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Chronic wind

The latest GWPF report - on the subject of wind energy - is published today. It makes pretty grim reading.

In his report, Professor Gordon Hughes (Edinburgh University) finds that

* Meeting the UK Government's target for renewable generation in 2020 will require total wind capacity of 36 GW backed up by 13 GW of open cycle gas plants plus large complementary investments in transmission capacity at a cost of about £120 billion.

* The same electricity demand could be met from 21.5 GW of combined cycle gas plants with a cost of £13 billion, i.e. an order of magnitude cheaper than the wind scenario.

* Under the most favourable assumptions for wind power, the Government's wind policy will reduce emissions of CO2 at an average cost of £270 per metric ton (at 2009 prices) which means that meeting the UK's renewable energy target would cost a staggering £78 billion per year in 2020.

Read the whole thing.

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Reader Comments (55)

Mind-blowing stuff.

Mar 7, 2012 at 7:50 AM | Unregistered CommenterPeter Walsh

I got "error 404"

The following link seems to work

Mar 7, 2012 at 8:04 AM | Unregistered CommenterMartin A

I think we know the answer to "Why is wind power so expensive?". Unfortunately it is impossible to get the message through to the Government as it is filtered by DECC bureaucrats (and the EU).

Mar 7, 2012 at 8:17 AM | Unregistered CommenterPhillip Bratby

This report will make the vested interests, such as RenewableUK (BWEA) squark that it is all wrong and the professor has misunderstood the economics and has got it all wrong, that we need a civerse energy supply etc etc. DECC will support BWEA as will the likes of Greenpeace, WWF and FoE. Just wait for the reaction.

Mar 7, 2012 at 8:22 AM | Unregistered CommenterPhillip Bratby

diverse even.

Mar 7, 2012 at 8:22 AM | Unregistered CommenterPhillip Bratby

Hopefully this will start to make headway with the main news outlets, everyone likes to kick a Minister when they are down.

Mar 7, 2012 at 8:31 AM | Registered CommenterLord Beaverbrook

Another great headline Bish.

Mar 7, 2012 at 8:44 AM | Unregistered CommenterRichard Drake

This report is underplaying the real problem. When you put variable wind into a fossil-fuelled standby system, the efficiency falls as wind penetration increases. This was shown recently from Irish data:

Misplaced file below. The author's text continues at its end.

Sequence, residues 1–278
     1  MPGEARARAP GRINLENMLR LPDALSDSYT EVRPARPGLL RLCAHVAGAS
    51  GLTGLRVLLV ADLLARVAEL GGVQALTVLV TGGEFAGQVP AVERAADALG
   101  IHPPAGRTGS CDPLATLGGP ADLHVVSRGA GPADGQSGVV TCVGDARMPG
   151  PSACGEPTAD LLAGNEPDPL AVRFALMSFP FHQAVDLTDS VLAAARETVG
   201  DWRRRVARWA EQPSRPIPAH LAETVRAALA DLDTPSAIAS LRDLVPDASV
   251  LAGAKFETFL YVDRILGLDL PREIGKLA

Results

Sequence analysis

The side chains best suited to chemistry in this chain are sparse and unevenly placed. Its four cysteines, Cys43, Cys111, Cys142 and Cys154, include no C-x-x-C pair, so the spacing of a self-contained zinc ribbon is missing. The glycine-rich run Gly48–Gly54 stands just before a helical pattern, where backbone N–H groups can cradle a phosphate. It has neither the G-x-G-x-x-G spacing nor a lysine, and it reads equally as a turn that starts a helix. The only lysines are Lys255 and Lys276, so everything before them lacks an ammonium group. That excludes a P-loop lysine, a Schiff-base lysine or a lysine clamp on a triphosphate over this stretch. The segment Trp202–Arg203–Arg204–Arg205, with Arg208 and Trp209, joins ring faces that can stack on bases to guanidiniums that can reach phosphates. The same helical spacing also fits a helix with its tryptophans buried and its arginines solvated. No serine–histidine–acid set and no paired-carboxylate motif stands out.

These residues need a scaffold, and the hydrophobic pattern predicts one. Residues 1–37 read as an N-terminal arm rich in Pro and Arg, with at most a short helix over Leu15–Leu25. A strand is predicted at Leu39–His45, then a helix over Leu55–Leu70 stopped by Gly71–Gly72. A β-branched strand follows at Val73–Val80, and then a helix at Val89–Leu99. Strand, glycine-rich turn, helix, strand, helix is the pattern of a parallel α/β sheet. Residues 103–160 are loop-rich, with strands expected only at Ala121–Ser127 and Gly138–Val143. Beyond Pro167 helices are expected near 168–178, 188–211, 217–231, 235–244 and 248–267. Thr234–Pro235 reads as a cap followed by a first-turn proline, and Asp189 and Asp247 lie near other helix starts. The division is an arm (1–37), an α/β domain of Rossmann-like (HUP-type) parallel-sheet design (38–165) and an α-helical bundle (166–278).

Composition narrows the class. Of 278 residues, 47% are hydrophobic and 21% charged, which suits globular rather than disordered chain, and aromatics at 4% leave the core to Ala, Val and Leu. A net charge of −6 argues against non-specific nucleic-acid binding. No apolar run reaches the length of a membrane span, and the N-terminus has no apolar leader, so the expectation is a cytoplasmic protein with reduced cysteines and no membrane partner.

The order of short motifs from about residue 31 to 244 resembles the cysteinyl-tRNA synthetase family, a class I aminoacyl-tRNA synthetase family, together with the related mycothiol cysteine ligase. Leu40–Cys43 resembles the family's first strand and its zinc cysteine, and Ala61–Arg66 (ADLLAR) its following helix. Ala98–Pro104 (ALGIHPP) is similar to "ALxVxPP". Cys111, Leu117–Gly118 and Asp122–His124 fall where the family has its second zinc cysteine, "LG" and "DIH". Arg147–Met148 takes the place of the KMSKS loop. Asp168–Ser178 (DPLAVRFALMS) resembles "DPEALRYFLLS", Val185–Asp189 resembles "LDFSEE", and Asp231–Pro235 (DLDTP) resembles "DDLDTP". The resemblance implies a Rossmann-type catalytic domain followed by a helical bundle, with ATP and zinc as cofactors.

Thus, put 12% wind energy in and the raw CO2 saving falls to 4% - experimental data. However, you also have to factor in the CO2 in the windmill construction. This report has done that:

Other reports are the US Bentek analysis and the recent German report summarised here:

DECC has clearly had no experienced engineers advise it. Above a wind penetration of ~15%, CO2 emissions increase compared with having no additional windmills. The only practical solution is to control the wind energy surges by cutting the wind farms loose about 11% of the time by 2020 [NGC data] to save the grid, then dump about a quarter of what's left to pump storage to get the CO2 saving.

In essence, real capacity factor cannot exceed ~17% and you need Norway to get 2 GW pump storage. The cost is immense. DECC has showed itself to be an bunch of amateur activists.

Mar 7, 2012 at 8:48 AM | Unregistered Commentermydogsgotnonose


DECC does have some engineers, and some of them are quite good, but they have to conform to the policy laid down by those at the top of the tree, where there are no engineers. Those at the top of the tree have to conform to the ludicrous renewable energy policy that Blair signed up to with the EU. So our ludicrous wind policy is dictated by unelected EU commissioners (known as commissars) and Cameron and his cronies are frightened to stand up to the EU and tell them where to stick their renewable energy policy.

From my experience with DECC officials, there are an awful lot of them whose sole function in life is PR, churning out the standard propaganda and generally ensuring that Ministers don't get to hear the truth. This fine report will be kept well away from the Government Ministers

Mar 7, 2012 at 9:01 AM | Unregistered CommenterPhillip Bratby

I wonder, in passing, how many ministers know what 'an order of magnitude' means?

Mar 7, 2012 at 9:07 AM | Unregistered CommenterJames P

This fine report will be kept well away from the Government Ministers
Not if we all download copies and post them to:
a. their private office;
b. their parliamentary private secretaries;
c. their political advisors;